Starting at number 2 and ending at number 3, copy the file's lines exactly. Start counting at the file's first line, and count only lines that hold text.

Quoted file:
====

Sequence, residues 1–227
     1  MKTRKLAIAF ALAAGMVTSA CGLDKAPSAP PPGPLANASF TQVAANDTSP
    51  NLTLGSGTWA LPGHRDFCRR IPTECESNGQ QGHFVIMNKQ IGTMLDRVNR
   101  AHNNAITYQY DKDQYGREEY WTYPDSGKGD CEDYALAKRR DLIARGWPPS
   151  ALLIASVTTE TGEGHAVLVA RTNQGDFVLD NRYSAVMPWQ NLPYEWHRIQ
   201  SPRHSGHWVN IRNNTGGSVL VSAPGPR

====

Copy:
     1  MKTRKLAIAF ALAAGMVTSA CGLDKAPSAP PPGPLANASF TQVAANDTSP
    51  NLTLGSGTWA LPGHRDFCRR IPTECESNGQ QGHFVIMNKQ IGTMLDRVNR